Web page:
People have GOT to start reading what they are signing BEFORE they sign it and more important...understand what they are signing.
Anonymous on 08/24/2007:
jktshff1--amen to reading before signing. (Well we could sing too--just to confuse them.) LOL.........
jktshff1 on 08/24/2007:
Anonymous on 08/24/2007:
Three straight posts blaming everyone but the driver. People are so amusing! ROFLMAO
Anonymous on 08/24/2007:
Everyone is entitled to their own opinion. And, I wouldn't say the insurance companies--auto, health, homeowner--have good reputations either. So if I have to vote for someone, I'll choose the consumer for the most part.he insurance companies have come up guilty more often than not. Until they improve upon their images
Anonymous on 08/24/2007:
dealerdirect: Everyone is entitled to their own opinion. And, I wouldn't say the insurance companies--auto, health, homeowner--have good reputations either. So if I have to vote for someone, I'll choose the consumer. The insurance companies have a long way to go to earn my respect or trust. Sometimes I wonder why we all spend so much on insurance, just to be turned down, or canceled, when we hand in our first claim. I guess it's because we have been led to believe we will have back-up in the case of an accident/loss. Unfortunately, it's a false sense of security.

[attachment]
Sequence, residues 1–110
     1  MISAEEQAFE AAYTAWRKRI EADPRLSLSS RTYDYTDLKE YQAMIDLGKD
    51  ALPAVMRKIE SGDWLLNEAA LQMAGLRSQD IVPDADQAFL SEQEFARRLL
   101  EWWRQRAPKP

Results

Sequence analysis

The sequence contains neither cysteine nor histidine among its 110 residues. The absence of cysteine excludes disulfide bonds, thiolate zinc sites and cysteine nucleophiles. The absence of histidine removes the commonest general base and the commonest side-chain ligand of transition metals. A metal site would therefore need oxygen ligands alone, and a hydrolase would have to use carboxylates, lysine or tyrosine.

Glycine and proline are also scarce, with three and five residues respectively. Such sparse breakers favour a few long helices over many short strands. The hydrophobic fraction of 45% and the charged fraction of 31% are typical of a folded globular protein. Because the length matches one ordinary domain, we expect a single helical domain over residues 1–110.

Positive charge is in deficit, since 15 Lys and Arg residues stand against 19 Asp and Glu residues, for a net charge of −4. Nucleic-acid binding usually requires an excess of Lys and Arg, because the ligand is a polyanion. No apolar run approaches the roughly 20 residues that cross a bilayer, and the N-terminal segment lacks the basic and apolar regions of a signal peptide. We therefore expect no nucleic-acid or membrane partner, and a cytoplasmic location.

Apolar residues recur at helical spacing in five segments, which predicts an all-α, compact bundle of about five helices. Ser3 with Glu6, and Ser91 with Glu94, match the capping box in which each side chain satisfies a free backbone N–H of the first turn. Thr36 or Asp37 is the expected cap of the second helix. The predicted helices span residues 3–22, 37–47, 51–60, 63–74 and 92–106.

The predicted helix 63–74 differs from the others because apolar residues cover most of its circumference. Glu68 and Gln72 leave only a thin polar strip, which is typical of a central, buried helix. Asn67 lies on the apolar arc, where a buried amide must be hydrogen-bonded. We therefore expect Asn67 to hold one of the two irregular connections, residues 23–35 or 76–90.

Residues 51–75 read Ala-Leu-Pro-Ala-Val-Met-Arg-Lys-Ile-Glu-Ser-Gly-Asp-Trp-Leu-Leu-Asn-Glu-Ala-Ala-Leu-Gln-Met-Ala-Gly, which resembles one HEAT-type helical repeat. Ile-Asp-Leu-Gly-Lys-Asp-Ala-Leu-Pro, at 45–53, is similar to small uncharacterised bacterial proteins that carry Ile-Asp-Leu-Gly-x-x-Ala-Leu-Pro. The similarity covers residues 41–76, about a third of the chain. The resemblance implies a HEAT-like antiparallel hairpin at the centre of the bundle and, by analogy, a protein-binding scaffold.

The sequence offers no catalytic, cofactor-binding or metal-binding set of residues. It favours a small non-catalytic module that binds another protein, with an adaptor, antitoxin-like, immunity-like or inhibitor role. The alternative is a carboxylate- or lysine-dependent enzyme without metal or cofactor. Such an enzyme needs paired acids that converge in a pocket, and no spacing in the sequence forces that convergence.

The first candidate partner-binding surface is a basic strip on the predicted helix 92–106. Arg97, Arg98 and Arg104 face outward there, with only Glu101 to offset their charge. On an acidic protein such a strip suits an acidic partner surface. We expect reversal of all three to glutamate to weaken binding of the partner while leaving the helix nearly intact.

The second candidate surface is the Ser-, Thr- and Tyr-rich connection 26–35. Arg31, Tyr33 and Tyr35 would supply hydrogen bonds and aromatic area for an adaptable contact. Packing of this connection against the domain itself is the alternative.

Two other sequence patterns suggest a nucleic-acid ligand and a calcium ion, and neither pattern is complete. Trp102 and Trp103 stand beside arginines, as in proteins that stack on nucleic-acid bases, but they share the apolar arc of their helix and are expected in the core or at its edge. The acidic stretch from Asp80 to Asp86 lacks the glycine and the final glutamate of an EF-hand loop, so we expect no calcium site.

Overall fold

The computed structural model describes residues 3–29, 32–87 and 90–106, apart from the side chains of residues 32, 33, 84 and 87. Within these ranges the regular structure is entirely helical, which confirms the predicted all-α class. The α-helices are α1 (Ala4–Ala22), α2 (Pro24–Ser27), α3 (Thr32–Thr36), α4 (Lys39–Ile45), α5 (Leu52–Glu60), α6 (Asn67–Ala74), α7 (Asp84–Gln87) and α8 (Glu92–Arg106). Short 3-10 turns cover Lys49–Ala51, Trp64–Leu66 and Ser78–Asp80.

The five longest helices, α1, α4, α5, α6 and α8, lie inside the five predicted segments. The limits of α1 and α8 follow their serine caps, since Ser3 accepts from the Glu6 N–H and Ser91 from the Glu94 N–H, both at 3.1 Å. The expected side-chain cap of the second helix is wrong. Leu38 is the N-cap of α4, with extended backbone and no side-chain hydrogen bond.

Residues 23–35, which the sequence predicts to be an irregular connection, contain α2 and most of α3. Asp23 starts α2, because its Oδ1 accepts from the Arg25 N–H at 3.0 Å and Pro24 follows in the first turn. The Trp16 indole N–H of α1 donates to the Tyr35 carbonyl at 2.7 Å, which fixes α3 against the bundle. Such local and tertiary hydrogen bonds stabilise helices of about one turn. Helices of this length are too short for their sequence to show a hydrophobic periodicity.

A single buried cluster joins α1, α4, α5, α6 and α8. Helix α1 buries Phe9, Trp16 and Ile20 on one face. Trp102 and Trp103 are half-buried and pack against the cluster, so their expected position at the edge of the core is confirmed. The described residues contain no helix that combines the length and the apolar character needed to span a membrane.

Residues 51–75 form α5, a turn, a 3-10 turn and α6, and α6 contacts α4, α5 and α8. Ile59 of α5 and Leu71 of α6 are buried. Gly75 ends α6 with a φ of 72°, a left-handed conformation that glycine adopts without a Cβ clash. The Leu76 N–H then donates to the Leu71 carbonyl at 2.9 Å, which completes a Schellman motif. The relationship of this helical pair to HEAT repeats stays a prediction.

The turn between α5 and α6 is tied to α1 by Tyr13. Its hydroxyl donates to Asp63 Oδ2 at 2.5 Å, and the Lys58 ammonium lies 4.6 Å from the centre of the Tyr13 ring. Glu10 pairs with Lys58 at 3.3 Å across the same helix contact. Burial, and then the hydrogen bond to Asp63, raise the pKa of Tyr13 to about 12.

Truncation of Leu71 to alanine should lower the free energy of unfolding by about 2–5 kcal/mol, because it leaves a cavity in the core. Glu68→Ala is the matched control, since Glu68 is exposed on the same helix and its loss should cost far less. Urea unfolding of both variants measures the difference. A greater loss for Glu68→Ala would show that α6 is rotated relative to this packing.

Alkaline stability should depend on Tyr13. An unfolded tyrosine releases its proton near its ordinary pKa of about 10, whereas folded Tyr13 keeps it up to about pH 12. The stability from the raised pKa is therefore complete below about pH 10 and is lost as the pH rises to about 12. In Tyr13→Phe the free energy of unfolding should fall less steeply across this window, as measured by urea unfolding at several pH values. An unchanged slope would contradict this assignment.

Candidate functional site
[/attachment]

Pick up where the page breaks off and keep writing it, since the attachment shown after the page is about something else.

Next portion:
Anonymous on 08/26/2007:
Dianec: Please reread the post , concentrating on the quote "if he just excluded him from the policy it would be cheaper" and let me know what you can conclude from that.
GothicSmurf on 08/27/2007:
*My husband explained he did not read it before he singed*

ALWAYS ALWAYS ALWAYS read before you sign. BY signing an agreement/ contract your signature verifies that you did indeed read and understand what you put your John Hancock on.

Before your husband signed he should have asked where in the contract/policy what he and the agent discussed and what he needed to due to fulfill his end of the contract.